Ceanothus and Hebes at Chickadee Gardens

I am not a plant hoarder, I swear. But sometimes while falling asleep I count, in my mind, any number of one genus I have in the garden as a kind of mental memory game. I shock myself. I have a great many things I never dreamed I would *ahem* acquire. Hydrangeas, for example. I mean I like them, but at last count I have 34. How did that happen? There are several such collections in my garden for it seems I am drawn to certain genera. I had the idea that sharing what I have on the blog might be helpful not only as a reference for myself but maybe for others, too. I thought I'd start with two of my favorite, Ceanothus and Hebes. Both are evergreen, hardy shrubs for us in the Pacific Northwest. Ceanothus in general hail from the West Coast while Hebes come from New Zealand. Here's a look at both at Chickadee Gardens.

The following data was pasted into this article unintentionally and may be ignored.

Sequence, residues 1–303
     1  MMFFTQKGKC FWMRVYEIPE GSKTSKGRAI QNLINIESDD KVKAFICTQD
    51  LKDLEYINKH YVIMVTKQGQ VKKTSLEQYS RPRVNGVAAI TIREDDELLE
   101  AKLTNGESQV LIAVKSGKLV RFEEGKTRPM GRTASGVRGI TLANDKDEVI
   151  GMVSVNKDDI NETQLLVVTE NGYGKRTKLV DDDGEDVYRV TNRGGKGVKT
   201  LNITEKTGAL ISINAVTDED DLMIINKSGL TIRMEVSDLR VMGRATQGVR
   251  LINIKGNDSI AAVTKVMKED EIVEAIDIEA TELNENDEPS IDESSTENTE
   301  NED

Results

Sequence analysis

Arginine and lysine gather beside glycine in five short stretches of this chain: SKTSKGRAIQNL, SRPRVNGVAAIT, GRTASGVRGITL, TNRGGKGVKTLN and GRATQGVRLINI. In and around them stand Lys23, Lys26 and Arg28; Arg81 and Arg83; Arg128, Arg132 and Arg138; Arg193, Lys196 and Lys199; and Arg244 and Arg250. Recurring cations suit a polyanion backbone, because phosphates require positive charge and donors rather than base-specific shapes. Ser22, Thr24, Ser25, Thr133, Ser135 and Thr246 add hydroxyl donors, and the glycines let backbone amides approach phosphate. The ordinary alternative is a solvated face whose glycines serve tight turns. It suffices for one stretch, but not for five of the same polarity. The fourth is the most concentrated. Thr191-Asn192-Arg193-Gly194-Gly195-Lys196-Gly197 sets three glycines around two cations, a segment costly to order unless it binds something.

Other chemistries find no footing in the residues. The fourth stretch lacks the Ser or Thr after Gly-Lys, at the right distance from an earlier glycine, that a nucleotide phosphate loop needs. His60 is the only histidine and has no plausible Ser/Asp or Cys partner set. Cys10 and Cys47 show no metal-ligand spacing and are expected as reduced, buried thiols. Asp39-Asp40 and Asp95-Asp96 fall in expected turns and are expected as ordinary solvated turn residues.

First up is Ceanothus gloriosus 'Point Reyes', on the left of the bench and also to the right farther down on the right berm. I have about 20 of these planted as a kind of ground cover, this is the first year they have bloomed. I receive a lot of interest in these when people visit the garden. I must note that both Ceanothus and Hebes I grow for foliage, although both do bloom. Ceanothus in general have blue flowers and Hebes have generally white, pink or purple flowers.

Detail of flowers of Ceanothus g. 'Point Reyes'. The leaves are small, leathery and prickly but it is a very attractive plant, especially to bees this year. 

One more detail shot. It's just so fabulous this year! They've really grown since planting them in 2017.